Unlike Patterns of Conflict, where Boyd went through so many versions that he finally quit numbering them, he only distributed one edition of his paper, “Destruction and Creation,” which carries the date 3 September 1976.
“Destruction and Creation” asks the question:
Actions must be taken over and over again and in many different ways. Decisions must be rendered to monitor and determine the precise nature of the actions needed that will be compatible with the goal. To make these timely decisions implies that we must be able to form mental concepts of observed reality, as we perceive it, and be able to change these concepts as reality itself appears to change. The concepts can then be used as decision models for improving our capacity for independent action. Such a demand for decisions that literally impact our survival causes one to wonder: How do we generate or create the mental concepts to support this decision-making activity?
He gives an answer later in the paper, then spends the next 20 years illustrating his concept for creating and updating mental models (it may not be entirely obvious, but that’s what Patterns, Organic Design, and Strategic Game are).
Somewhere along the way, fairly early, perhaps only a year or two after D&C, he coined the term “OODA loop.” Originally it was just that, a loop, a circular process of observe, then orient, then decide, then act. I’ve heard him brief it just that way.
But problems soon began to crop up. For one thing, it’s slow. For another, quality of decision and “speed” through the OODA loop can trade-off. That is, to go faster, you may have to hurry your decision making. A British writer and officer, Jim Storr, simply pointed out that real organizations don’t behave as if they were cycling through OODA “loops.”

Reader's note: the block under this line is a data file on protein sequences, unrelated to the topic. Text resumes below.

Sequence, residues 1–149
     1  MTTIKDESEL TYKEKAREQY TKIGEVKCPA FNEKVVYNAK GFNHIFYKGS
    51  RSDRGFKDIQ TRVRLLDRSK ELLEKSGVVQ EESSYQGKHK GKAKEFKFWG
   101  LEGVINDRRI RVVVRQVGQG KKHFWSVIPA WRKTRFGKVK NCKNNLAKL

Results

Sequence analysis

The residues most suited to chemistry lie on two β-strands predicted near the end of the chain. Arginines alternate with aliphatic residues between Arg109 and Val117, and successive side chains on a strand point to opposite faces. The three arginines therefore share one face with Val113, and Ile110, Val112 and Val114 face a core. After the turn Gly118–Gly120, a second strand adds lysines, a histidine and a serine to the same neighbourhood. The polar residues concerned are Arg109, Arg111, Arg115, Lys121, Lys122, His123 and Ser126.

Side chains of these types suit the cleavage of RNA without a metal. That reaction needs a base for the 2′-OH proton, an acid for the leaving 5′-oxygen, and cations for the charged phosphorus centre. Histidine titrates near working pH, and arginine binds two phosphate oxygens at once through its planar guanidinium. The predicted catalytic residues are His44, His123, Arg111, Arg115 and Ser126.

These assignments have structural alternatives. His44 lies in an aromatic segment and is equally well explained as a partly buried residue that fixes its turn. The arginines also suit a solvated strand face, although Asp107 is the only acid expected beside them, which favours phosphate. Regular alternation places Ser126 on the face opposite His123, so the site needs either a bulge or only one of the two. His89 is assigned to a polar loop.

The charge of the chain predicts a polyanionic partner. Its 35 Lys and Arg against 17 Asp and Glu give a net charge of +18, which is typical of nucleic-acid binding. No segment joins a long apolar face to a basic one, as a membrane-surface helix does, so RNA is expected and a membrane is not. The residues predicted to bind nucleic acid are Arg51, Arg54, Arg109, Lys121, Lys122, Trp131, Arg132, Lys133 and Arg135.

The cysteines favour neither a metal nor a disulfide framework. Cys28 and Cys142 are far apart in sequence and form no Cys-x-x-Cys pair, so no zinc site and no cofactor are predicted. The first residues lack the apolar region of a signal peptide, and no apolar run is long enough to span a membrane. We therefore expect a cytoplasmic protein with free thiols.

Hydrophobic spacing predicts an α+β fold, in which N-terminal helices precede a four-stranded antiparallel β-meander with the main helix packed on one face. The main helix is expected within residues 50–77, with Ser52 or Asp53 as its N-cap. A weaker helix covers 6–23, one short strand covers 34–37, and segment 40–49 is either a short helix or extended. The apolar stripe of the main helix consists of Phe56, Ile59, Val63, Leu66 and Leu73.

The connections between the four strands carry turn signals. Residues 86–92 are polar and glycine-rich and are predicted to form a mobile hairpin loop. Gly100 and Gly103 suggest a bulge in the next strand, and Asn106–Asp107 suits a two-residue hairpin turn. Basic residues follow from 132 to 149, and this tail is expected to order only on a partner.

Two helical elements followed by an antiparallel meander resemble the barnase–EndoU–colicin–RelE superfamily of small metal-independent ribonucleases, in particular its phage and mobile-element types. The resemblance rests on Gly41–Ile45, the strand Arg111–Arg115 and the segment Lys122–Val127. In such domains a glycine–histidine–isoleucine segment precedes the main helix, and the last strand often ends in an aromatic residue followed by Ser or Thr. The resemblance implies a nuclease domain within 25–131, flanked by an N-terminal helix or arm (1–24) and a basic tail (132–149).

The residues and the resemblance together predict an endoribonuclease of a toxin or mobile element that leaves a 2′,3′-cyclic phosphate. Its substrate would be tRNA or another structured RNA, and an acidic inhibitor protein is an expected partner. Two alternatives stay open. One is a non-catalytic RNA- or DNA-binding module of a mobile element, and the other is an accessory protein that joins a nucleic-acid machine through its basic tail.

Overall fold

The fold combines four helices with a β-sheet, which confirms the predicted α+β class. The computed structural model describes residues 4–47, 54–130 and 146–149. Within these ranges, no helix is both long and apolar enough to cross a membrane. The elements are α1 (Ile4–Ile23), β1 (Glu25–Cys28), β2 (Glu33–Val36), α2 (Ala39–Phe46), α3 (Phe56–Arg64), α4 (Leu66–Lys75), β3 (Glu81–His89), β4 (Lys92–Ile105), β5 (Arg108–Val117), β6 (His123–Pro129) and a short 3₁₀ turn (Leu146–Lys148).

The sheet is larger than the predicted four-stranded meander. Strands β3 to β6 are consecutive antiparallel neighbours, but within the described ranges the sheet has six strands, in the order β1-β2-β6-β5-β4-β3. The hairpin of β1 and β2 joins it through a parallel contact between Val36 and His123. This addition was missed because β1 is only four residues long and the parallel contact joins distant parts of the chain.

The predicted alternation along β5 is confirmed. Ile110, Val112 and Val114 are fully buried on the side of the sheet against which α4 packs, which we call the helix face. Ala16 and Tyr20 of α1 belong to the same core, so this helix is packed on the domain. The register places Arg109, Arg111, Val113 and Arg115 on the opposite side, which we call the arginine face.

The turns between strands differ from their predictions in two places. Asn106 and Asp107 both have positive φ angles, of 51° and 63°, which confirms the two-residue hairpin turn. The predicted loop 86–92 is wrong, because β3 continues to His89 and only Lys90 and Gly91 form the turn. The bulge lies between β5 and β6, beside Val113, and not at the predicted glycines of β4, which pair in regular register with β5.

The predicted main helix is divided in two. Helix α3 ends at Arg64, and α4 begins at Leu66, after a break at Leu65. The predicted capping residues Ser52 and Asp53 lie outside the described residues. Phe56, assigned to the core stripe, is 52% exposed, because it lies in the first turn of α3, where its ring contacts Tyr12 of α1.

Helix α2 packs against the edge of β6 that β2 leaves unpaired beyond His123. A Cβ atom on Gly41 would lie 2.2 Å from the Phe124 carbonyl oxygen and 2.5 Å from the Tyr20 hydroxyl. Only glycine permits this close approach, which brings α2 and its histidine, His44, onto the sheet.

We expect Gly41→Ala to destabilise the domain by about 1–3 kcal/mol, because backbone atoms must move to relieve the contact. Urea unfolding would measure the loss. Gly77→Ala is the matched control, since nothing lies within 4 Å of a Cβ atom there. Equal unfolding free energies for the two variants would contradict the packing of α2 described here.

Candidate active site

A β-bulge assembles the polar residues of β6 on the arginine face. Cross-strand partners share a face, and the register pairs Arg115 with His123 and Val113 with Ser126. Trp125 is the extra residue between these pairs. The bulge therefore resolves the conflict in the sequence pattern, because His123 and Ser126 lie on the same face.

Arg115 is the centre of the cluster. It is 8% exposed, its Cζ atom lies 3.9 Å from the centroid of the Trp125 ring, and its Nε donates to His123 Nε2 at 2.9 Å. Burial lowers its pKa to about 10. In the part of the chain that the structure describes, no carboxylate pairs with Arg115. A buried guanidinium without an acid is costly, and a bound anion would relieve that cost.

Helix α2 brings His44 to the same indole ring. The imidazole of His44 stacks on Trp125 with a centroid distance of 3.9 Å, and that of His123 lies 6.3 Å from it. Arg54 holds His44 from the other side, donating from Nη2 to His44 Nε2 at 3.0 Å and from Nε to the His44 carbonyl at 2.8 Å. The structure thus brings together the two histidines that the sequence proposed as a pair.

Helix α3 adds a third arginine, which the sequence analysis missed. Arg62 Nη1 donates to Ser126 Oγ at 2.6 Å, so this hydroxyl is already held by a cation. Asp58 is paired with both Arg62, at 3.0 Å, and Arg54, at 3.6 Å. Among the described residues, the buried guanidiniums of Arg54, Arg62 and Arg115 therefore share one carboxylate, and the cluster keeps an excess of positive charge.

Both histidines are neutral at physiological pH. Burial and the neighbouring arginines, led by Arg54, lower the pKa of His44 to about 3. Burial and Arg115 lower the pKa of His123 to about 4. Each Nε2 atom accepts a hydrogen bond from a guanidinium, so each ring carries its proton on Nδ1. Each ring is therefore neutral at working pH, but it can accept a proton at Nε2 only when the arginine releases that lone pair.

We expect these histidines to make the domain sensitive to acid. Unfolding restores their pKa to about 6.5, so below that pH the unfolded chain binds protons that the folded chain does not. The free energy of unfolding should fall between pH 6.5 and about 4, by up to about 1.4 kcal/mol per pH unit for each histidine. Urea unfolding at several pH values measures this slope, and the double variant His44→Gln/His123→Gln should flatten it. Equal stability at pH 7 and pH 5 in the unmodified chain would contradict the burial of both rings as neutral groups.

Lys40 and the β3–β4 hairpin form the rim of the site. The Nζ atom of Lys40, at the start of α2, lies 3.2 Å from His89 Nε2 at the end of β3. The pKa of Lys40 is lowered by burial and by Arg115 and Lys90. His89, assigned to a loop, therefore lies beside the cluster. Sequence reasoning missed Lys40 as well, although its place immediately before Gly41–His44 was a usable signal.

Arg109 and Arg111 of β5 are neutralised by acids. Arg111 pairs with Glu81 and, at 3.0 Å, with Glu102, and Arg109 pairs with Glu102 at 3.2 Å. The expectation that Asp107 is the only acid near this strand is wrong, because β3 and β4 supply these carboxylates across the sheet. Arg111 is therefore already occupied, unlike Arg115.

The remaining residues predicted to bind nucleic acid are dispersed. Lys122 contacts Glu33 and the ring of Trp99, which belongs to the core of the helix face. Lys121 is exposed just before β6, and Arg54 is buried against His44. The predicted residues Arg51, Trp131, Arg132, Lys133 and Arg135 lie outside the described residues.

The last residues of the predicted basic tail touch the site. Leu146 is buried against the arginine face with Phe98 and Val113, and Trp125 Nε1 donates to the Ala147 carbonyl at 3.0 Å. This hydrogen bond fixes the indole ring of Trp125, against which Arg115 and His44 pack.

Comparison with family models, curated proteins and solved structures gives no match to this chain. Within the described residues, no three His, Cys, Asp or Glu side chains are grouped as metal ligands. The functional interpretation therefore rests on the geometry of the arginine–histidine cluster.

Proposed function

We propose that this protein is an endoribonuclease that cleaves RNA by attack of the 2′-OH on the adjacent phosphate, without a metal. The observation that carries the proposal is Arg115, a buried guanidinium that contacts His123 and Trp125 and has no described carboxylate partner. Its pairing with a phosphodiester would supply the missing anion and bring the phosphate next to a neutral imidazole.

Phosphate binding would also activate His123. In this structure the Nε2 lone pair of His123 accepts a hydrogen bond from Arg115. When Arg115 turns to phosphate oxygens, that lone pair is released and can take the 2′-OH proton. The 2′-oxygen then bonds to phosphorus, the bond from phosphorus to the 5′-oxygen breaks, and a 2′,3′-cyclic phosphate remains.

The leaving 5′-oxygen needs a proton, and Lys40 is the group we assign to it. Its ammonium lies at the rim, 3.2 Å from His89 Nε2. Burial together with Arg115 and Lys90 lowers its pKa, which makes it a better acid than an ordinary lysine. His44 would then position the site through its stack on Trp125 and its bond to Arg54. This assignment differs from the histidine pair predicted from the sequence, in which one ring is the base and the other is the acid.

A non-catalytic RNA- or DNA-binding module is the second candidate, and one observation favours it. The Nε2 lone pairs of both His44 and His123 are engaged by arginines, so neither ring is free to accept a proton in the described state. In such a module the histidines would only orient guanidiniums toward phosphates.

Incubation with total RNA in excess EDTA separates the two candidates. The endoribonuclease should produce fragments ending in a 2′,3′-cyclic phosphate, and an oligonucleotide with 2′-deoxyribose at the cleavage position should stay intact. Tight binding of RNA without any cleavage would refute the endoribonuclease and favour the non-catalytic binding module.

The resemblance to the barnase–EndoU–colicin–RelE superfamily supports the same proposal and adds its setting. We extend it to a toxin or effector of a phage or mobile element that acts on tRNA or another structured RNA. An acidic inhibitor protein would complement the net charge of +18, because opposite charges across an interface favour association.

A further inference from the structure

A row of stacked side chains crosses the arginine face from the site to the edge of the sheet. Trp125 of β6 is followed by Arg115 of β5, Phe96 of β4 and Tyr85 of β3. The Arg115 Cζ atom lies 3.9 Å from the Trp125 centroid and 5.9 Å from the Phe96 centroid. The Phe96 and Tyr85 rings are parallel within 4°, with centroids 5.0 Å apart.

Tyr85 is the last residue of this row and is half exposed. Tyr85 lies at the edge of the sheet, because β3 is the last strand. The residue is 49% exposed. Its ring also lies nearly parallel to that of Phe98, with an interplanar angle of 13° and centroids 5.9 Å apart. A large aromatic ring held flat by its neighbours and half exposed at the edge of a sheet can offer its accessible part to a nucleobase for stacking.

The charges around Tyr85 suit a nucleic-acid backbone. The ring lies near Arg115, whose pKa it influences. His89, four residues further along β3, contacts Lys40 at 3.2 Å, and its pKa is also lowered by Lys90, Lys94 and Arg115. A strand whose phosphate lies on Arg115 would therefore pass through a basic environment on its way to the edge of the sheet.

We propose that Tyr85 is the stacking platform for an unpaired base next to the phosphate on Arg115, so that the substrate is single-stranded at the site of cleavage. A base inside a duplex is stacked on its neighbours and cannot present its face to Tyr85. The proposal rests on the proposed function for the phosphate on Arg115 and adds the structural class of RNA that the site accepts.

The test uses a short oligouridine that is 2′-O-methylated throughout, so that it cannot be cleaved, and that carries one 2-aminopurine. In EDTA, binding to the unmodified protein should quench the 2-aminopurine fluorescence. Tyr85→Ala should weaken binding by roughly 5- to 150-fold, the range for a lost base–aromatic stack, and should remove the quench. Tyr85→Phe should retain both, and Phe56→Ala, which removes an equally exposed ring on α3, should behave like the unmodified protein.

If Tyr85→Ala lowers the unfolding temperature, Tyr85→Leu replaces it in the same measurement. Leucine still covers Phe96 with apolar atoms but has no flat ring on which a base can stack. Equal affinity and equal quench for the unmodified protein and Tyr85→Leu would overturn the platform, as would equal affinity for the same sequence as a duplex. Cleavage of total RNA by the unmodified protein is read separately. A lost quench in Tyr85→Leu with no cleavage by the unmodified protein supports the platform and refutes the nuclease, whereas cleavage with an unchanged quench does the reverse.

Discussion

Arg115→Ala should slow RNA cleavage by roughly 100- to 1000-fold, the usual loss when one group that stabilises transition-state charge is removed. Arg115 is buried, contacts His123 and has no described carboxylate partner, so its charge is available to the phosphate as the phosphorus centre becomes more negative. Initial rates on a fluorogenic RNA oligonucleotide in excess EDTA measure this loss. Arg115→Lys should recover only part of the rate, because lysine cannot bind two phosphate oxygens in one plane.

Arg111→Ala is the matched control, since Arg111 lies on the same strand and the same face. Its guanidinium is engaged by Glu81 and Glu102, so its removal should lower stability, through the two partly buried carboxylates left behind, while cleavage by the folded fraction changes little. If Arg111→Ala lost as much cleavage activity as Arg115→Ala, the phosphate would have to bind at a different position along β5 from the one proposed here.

In the last work of his career, The Essence of Winning and Losing, published shortly before he died, Boyd finally produced a sketch of the OODA loop that resolved these problems. I’ve just posted a revised version of my paper “Boyd’s Real OODA Loop” that looks at what he came up with and why. This version notes that although he rarely wrote “OODA loop” by itself before his last briefing (lots of mentions, though, of “operating inside the OODA loop”), “rarely” doesn’t mean “never.” There are, as best I can tell, three times in the 320 or so pages that separate “Destruction and Creation” from The Essence of Winning and Losing where Boyd does mention the OODA loop per se. None of these, though, are accompanied by any description, definition, or explanation, much less a figure or diagram.
And I’ve done some wordsmithing and added an epilogue on the bookends theme.
You can download this edition, as well as all of Boyd’s works and lots of other interesting stuff from the Articles page.